Technology firms are beginning to silently carry the small business sector as 62 percent of small businesses already have, or are in the process of building, a mobile application to support their business. Of those businesses, 30 percent have revenue generating mobile applications or apps.1 With approximately two-thirds of the country’s small businesses depending on them, technology companies should have the proper insurance protection in place in the event that their software does not operate as intended.
Insurance Market Source connected with Christopher Stephens, Senior Underwriter, Professional Liability Centre of Excellence, Burns & Wilcox Canada, and Michael Schultz, Senior Broker, Professional Liability Center of Excellence, Burns & Wilcox, to gain insight on what brokers and agents should know about Technology Errors and Omissions (E&O) coverage.
1. How has the increase in the popularity of mobile applications affected coverage for technology clients?
Christopher Stephens (CS): The mobile application craze opened up a new avenue and exposure for technology firms and companies. Creating a web-based or mobile app leaves clients open to many risks, as it can impact systems in a negative manner. Policy submissions on mobile apps come through on a daily basis from a wide variety of businesses, ranging from game and media services to ride-sharing apps.
Michael Schultz (MS): The necessity and influence of technology has increased in the small business sector resulting in a dramatic rise in the number of tech-focused organizations entering the services industry. While Technology E&O policies are tailored to cover this evolving sector, the wide variety of services offered and the ever-changing landscape has created a need for a bespoke underwriting approach for each submission. Hired technology-focused organizations that are responsible for developing these apps are liable for the technology components of the software and the mobile apps themselves often require liability coverage outside of Technology E&O.
In telemedicine, for instance, if a doctor’s diagnosis is rendered over a mobile app, any potential financial loss due to the performance of the application itself would fall upon the hired organization. On the other hand, the liability for this diagnosis falls onto the doctor’s Medical Malpractice policy. The tech industry will continue to see an increase in these “crossover” risks driven in part by the increased usage of apps and hired IT service organizations, specifically in the traditional healthcare and architects and engineers space.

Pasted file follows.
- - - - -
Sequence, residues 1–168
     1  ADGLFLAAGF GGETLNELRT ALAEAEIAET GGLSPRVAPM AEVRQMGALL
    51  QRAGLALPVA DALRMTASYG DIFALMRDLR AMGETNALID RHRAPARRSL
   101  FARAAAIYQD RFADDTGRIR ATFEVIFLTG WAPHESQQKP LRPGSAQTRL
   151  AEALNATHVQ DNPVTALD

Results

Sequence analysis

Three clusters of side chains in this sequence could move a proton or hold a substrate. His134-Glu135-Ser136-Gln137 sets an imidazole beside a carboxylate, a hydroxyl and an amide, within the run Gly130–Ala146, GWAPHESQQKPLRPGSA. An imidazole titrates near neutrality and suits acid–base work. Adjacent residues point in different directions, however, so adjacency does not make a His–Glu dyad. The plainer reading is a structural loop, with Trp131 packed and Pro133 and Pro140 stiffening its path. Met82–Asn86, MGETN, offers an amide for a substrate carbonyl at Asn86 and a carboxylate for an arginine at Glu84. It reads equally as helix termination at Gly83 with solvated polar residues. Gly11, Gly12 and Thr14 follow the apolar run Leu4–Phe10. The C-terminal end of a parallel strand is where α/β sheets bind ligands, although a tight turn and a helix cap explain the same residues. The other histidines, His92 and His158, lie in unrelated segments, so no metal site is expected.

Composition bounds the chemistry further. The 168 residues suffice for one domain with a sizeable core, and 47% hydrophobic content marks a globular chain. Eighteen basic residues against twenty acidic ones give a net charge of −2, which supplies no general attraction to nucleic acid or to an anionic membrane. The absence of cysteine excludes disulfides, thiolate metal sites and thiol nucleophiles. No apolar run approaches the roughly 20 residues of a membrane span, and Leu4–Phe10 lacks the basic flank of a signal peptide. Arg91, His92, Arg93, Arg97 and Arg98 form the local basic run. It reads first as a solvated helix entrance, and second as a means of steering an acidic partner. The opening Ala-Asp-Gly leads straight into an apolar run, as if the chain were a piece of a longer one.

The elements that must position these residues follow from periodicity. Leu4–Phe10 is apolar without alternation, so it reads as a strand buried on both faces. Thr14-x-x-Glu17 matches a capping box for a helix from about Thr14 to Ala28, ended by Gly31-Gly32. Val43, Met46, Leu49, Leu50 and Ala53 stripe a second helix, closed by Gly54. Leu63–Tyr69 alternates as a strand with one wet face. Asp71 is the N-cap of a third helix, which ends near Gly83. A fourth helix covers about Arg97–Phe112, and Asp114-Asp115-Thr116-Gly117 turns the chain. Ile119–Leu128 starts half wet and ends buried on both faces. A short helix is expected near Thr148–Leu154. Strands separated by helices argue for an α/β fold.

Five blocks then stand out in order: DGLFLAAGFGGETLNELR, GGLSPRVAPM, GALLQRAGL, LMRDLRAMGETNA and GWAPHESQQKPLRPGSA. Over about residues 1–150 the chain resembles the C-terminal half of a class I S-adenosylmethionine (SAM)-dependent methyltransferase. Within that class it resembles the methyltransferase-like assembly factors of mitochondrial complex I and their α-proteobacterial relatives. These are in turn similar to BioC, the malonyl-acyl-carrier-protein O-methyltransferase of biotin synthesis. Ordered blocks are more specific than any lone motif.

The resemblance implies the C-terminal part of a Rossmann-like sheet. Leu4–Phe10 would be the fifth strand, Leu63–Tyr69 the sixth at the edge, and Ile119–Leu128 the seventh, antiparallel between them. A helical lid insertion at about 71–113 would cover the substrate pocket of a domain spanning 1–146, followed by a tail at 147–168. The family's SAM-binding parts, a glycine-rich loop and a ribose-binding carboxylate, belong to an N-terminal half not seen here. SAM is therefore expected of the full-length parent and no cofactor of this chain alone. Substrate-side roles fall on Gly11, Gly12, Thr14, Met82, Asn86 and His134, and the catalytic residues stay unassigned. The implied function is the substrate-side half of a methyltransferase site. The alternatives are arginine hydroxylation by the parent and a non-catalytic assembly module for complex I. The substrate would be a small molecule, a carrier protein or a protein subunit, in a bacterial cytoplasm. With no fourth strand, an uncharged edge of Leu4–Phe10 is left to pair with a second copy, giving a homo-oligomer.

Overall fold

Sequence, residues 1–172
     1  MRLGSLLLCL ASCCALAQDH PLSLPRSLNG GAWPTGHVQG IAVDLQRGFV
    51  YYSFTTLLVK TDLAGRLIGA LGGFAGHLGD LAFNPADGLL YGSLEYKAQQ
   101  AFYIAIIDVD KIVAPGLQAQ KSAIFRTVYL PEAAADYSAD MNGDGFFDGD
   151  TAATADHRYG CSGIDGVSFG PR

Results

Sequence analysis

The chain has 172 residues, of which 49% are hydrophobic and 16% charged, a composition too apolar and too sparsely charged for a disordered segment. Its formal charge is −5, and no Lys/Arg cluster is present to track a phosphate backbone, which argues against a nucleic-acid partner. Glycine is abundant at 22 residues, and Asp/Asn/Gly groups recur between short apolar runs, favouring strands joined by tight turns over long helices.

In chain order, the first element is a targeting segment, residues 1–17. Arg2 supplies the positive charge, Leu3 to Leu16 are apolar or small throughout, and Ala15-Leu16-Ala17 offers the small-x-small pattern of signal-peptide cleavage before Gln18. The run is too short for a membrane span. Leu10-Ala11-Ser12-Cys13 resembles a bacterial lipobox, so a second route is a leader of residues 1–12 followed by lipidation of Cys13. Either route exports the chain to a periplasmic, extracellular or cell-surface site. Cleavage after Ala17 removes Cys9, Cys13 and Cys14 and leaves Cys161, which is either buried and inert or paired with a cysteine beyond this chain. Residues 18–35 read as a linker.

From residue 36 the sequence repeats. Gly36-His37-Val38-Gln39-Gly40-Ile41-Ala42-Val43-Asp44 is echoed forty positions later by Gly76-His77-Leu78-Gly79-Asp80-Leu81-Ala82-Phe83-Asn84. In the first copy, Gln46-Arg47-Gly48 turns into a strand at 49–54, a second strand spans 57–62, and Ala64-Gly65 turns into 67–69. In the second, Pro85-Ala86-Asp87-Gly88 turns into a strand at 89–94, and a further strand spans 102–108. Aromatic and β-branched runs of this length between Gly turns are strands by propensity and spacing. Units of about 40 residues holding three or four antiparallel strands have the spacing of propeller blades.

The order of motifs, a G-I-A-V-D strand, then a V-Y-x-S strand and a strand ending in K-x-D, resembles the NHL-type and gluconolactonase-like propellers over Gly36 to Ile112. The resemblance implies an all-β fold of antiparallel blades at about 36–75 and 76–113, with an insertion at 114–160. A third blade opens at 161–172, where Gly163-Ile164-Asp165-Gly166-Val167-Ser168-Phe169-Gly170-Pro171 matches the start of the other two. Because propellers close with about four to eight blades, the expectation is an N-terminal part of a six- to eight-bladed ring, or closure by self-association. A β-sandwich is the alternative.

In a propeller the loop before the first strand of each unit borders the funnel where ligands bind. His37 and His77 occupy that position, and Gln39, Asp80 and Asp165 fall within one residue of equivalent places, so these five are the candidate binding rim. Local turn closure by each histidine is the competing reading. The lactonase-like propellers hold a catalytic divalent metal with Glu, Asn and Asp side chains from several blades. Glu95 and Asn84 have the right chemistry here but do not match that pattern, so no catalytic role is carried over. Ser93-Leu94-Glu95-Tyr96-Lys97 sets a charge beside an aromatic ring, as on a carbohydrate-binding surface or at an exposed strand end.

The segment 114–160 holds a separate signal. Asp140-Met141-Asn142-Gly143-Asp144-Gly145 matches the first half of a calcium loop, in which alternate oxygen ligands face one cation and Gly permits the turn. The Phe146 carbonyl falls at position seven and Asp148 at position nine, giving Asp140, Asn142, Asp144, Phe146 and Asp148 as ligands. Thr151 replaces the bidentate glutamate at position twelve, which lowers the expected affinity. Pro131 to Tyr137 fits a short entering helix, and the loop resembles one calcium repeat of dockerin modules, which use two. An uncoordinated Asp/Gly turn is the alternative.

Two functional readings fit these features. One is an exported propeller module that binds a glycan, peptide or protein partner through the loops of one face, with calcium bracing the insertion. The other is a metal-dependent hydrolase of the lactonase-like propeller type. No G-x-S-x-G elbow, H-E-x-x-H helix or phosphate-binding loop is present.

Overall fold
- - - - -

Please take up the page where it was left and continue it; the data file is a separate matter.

2. What type of advice would you recommend to brokers who are working with technology clients?
MS: A detailed look at each submission is necessary to analyze the varying exposures of each technology-focused client and the liabilities associated with services or operations offered. There has been an increased need for tailored wordings, and coverage to ensure any potential miscellaneous E&O, media, or bodily injury and property damage liability has coverage. Insurance carriers are gradually willing and open to developing new custom-made products.
Brokers looking to place technology clients should consider packaging Cyber Liability coverage with their Technology E&O policy. If clients do not have Cyber Liability insurance then the client is at a greater risk for experiencing a significant financial loss. Carriers are less likely to offer Stand-Alone Cyber Liability coverage for a technology organization, as the exposures are so closely intertwined with Technology E&O. This can lead to a potential coverage gap and coverage issues for the clients during the policy term. Technology E&O and Cyber Liability packages round out the coverage for the client and eliminate potential coverage gaps associated with data breaches. For example, a cloud service provider is utilized by an organization and experiences a data breach. This data breach may lead to a loss of their clients information and a significant financial loss because the technology service is offline or down. This could be picked up as a Tech E&O liability or a Cyber Liability as it was caused by a data breach. Additionally, the number of contracts requiring Cyber Liability is dramatically on the rise.
3. Are there any recent industry trends of which brokers should be aware?
CS: When technology is new and in its infancy, the door is open for situations to potentially go wrong. For this reason, brokers with technology clients should stay educated on advances in technology as much as they can. One thing that is important to note is that bodily injury and property damage are not covered under a Technology E&O policy. This added level of risk has been seen recently in relation to nursing homes, for instance. If there is a potential for this added risk, brokers can recommend adding a technology endorsement to the policy that best fits a client’s line of work. Telemedicine risks and automation engineers are just two classes of business that should look beyond their traditional policies and demand coverage wordings to extend outward to their technology service offerings.
Mobile app downloads, excluding gaming apps, are estimated to grow at a rate of 23 percent by 2020, exceeding $182 billion in revenue.1 With technology and business seamlessly merging so rapidly, brokers should encourage clients to protect themselves against potential exposures due to unforeseen software errors. With that, brokers should take a proactive approach to discuss with all clients the level of dependency that they have on technology to ensure additional gaps and exposures are addressed.